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City of St. Louis, Missouri

The City of St. Louis is gaining a reputation as a favorite forum for those filing mass tort cases. According to one attorney interviewed for this report, St. Louis “is Philadelphia all over again.” Objectively, it may be too soon to say that, but the jurisdiction warrants scrutiny.

St. Louis was named a Judicial Hellhole in 2002 and 2003 for being home to the state’s highest verdicts and a disproportionate share of the state’s personal injury and medical malpractice claims. In 2005, the legislature enacted statewide comprehensive reforms to reduce unfair joint and several liability, put reasonable limits on noneconomic damages in medical liability suits and tighten venue laws to preclude unreasonable forum shopping. The reforms led to a flood of claims in the City of St. Louis in late 2005 (FY 2006) by plaintiffs’ lawyers eager to file lawsuits before the new laws went into effect.

The 2005 reforms significantly improved St. Louis’s reputation and, due to Missouri’s improved venue laws, about half as many personal injury claims are filed in the city in recent years compared to those immediately preceding the legislation. This year, however, the number of asbestos, other product liability, and general personal injury claims hit their post-reform high in St. Louis, according to court statistics. Fortunately, this growth is constrained by the state’s venue law, but it is still a reason for concern.

ATRA sources observe that the City of St. Louis is becoming known for permitting lawyers to combine multiple plaintiffs, sometimes from different states, in toxic tort and pharmaceutical cases. While there is typically some common element (i.e. they took the same drug), there is little else linking their claims. Plaintiffs’ lawyers reportedly find a St. Louis plaintiff to establish jurisdiction in the local court, then join other individuals from other areas to the suit. This prejudicial practice makes it difficult for businesses to mount a practical defense. The different facts and laws at issue make it challenging for a court to fairly consider the evidence. Important questions of causation may be eclipsed by sympathy when a single trial includes several injured individuals who may or may not have been harmed by the product at issue.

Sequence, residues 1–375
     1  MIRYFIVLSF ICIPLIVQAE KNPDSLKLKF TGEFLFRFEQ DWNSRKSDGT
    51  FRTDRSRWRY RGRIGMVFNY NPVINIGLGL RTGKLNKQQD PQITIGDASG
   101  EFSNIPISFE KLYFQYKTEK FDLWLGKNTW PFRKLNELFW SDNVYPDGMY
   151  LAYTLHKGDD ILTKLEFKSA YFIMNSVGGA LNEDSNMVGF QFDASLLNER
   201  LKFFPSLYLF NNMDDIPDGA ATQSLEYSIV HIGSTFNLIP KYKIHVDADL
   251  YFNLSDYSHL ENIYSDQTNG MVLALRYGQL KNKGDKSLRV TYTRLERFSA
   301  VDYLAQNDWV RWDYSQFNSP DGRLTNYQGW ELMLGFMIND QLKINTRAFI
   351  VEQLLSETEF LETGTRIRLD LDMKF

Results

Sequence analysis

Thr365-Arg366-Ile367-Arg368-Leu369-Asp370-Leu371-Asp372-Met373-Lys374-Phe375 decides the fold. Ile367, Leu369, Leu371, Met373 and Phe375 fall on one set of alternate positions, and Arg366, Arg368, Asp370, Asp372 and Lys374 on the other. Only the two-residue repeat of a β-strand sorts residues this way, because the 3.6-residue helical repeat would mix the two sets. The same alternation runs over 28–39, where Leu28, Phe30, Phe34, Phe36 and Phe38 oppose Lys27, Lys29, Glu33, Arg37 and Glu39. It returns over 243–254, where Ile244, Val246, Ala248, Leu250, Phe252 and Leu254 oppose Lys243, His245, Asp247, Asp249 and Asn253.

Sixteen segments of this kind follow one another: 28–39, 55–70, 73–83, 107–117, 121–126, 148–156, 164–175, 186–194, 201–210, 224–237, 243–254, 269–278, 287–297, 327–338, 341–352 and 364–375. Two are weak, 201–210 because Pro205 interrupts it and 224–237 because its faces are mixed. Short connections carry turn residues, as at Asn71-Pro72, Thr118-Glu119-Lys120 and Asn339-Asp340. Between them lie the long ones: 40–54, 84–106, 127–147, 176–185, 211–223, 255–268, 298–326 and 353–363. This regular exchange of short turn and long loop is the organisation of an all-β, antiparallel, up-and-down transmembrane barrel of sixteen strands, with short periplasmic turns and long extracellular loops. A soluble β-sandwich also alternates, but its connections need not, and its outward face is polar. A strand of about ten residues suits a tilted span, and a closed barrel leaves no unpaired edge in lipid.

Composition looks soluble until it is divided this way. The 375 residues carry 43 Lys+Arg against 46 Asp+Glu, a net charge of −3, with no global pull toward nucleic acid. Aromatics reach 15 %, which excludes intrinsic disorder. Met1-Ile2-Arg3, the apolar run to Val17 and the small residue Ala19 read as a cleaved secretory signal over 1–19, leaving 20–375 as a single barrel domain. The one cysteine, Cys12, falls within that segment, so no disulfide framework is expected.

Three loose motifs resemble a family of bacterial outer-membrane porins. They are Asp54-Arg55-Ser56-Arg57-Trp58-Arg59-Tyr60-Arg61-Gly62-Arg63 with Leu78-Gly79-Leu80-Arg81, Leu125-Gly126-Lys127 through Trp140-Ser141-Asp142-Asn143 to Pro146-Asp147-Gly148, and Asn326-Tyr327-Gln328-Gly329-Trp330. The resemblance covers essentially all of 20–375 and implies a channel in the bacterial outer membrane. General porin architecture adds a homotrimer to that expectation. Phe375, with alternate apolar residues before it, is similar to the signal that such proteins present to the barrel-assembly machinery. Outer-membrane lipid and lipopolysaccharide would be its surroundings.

For example, lawyers who represent businesses in St. Louis courts are still wincing from a $358 million verdict delivered in 2011, the third highest in the state’s history. Indications are that jurors, who were told by the court to expect an eight-week trial, were exhausted by what were ultimately three months of expert testimony in a complex toxic tort case. The lawsuit was brought by residents who alleged that lead emissions from a smelter near their homes had caused or contributed to their children’s health problems. The case, known as Alexander v. Fluor, was originally filed as three separate lawsuits, but later combined into a single trial involving 16 separate personal injury cases. The verdict included $320 million in punitive damages – $112 million more than even the plaintiffs’ lawyers had sought. The Missouri Court of Appeals is now considering whether the trial court gave faulty jury instructions and allowed flawed expert testimony. Hundreds of similar lawsuits are expected to continue for years. According to a local attorney, the Fluor verdict was “a reality check to a lot of corporations facing liability in the region,” pushing them to settle rather than take high-stakes cases to trial.

The increasingly troublesome litigation climate in the City of St. Louis and Missouri more broadly is traceable, at least in part, to the Show Me State’s high court. As reported last year, the Missouri Supreme Court struck down a limit on pain and suffering damages in medical malpractice cases, undermining the progress made since 2005. Most state courts, including those in neighboring Kansas, have found that, in order to protect access to affordable health care, legislatures may limit these subjective awards as long as recoveries for actual medical expenses and other objectively measureable economic losses are not affected. Efforts are underway to reinstate the cap by providing a statutory remedy for medical malpractice, rather than providing for recovery through common law. The Missouri Supreme Court had previously upheld application of the cap in wrongful death cases on that basis.

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